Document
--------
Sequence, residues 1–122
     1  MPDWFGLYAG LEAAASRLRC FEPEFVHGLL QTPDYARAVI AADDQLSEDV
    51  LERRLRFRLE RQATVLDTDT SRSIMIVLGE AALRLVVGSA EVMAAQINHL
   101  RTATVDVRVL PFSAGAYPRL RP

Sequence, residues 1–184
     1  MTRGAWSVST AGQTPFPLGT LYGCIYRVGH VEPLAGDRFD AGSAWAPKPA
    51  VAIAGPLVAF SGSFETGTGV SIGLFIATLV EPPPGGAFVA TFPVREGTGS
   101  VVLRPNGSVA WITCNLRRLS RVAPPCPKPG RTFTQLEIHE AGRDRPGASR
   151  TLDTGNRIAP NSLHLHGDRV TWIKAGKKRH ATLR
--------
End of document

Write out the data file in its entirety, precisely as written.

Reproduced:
Sequence, residues 1–122
     1  MPDWFGLYAG LEAAASRLRC FEPEFVHGLL QTPDYARAVI AADDQLSEDV
    51  LERRLRFRLE RQATVLDTDT SRSIMIVLGE AALRLVVGSA EVMAAQINHL
   101  RTATVDVRVL PFSAGAYPRL RP

Sequence, residues 1–184
     1  MTRGAWSVST AGQTPFPLGT LYGCIYRVGH VEPLAGDRFD AGSAWAPKPA
    51  VAIAGPLVAF SGSFETGTGV SIGLFIATLV EPPPGGAFVA TFPVREGTGS
   101  VVLRPNGSVA WITCNLRRLS RVAPPCPKPG RTFTQLEIHE AGRDRPGASR
   151  TLDTGNRIAP NSLHLHGDRV TWIKAGKKRH ATLR